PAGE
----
What's So Great About Sex?
by: Terrance K. Gibson
Published by: Xlibris
Buy From Amazon.com
Reviewed by Julie Failla Earhart
Terrance K. Gibson's debut novel, What's So Great About Sex?, has been compared to the movie, the 40-Year-Old Virgin. Maybe it was that sleeper hit that made Gibson rush to press with this tale of the innocent and naive Wilbur Klutzheimer.
The story takes place in 1979, which Gibson does a good job in relating that fact. Still, in 1979, it was hard to find a guy (or gal) who truly believed that sex was only about love and feelings and all that BS--and not one of the four innate motivators all humans, and most other critters, have at birth.
Wilbur is 29-years-old and is everything his name implies. Thanks to a favor owed his father, Wilbur lands a job at The New York Times. And of course there is the womanizing colleague who takes Wilbur under his wings and tries to show him the ropes. Wilbur plays along, and then begins to have sensuous, erotic, consuming dreams about sex. Instead of masturbating as normal guy would, Wilbur begins to journal. As the nights pass and the journaling continues, Wilbur begins to realize that he could write a book.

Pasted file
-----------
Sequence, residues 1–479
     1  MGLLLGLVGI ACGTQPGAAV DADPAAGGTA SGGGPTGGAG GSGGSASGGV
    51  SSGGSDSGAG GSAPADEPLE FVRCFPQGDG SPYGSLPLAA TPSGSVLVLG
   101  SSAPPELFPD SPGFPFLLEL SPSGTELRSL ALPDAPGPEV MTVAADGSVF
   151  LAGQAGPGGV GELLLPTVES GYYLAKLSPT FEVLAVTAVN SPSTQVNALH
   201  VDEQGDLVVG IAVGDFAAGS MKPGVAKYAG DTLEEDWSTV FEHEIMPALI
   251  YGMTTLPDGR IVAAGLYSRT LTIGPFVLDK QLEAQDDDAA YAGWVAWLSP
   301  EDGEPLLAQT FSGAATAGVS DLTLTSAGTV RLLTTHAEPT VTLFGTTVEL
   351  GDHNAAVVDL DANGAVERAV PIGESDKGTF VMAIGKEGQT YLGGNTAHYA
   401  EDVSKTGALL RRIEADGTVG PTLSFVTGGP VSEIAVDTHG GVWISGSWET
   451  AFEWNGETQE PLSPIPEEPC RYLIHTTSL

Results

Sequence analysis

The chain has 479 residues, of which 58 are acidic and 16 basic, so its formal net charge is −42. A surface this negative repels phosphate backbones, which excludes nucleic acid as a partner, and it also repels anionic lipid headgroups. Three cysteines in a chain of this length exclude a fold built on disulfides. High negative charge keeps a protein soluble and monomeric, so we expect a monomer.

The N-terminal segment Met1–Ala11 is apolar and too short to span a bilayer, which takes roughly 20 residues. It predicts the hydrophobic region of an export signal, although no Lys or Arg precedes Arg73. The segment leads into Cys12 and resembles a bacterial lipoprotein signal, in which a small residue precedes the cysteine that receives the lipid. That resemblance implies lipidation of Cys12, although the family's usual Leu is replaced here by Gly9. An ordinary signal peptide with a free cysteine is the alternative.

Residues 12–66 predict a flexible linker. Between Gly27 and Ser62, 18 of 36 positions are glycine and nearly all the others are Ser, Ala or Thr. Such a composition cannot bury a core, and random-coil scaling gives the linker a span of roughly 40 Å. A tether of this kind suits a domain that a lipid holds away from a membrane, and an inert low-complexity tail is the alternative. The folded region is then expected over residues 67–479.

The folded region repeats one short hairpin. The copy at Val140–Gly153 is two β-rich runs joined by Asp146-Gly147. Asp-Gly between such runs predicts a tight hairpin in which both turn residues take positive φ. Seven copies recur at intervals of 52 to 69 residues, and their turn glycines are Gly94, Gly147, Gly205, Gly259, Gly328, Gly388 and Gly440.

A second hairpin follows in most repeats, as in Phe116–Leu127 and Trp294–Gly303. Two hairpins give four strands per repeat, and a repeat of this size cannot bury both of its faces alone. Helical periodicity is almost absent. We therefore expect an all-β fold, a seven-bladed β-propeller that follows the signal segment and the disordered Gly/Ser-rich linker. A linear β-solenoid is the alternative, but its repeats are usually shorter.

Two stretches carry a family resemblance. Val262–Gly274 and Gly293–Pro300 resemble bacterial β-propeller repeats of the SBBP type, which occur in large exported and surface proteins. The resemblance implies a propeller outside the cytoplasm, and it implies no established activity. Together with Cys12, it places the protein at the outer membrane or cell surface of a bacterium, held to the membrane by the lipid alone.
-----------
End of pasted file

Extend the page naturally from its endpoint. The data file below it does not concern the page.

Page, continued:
He neatly gathers his manuscript and sends it off to a possible publisher. And, of course, it is immediately loved by all and becomes an overnight sensation. To Gibson's credit, he never reveals even one hint of Wilbur's writing style or of what he written. I was glad he held it at bay. After all, each individual defines what he or she considers the most erotic and sexy and sensuous. So to let the reader imagine Wilbur's sexy secrets leaves the reader with her/his own imagination to play with and that can be more erotic, sensuous and sexy than anything written on the page.
I was disappointed in Gibson's portrayal of the editor. It was stereotypical of a 1950's newspaper editor and that got really old after a while. Gibson feels out of his element in basing the story in a newsroom and in New York City.
Armchair Interviews says: Overall book could have used some polishing (by an editor--however, not the one in Gibson's book).
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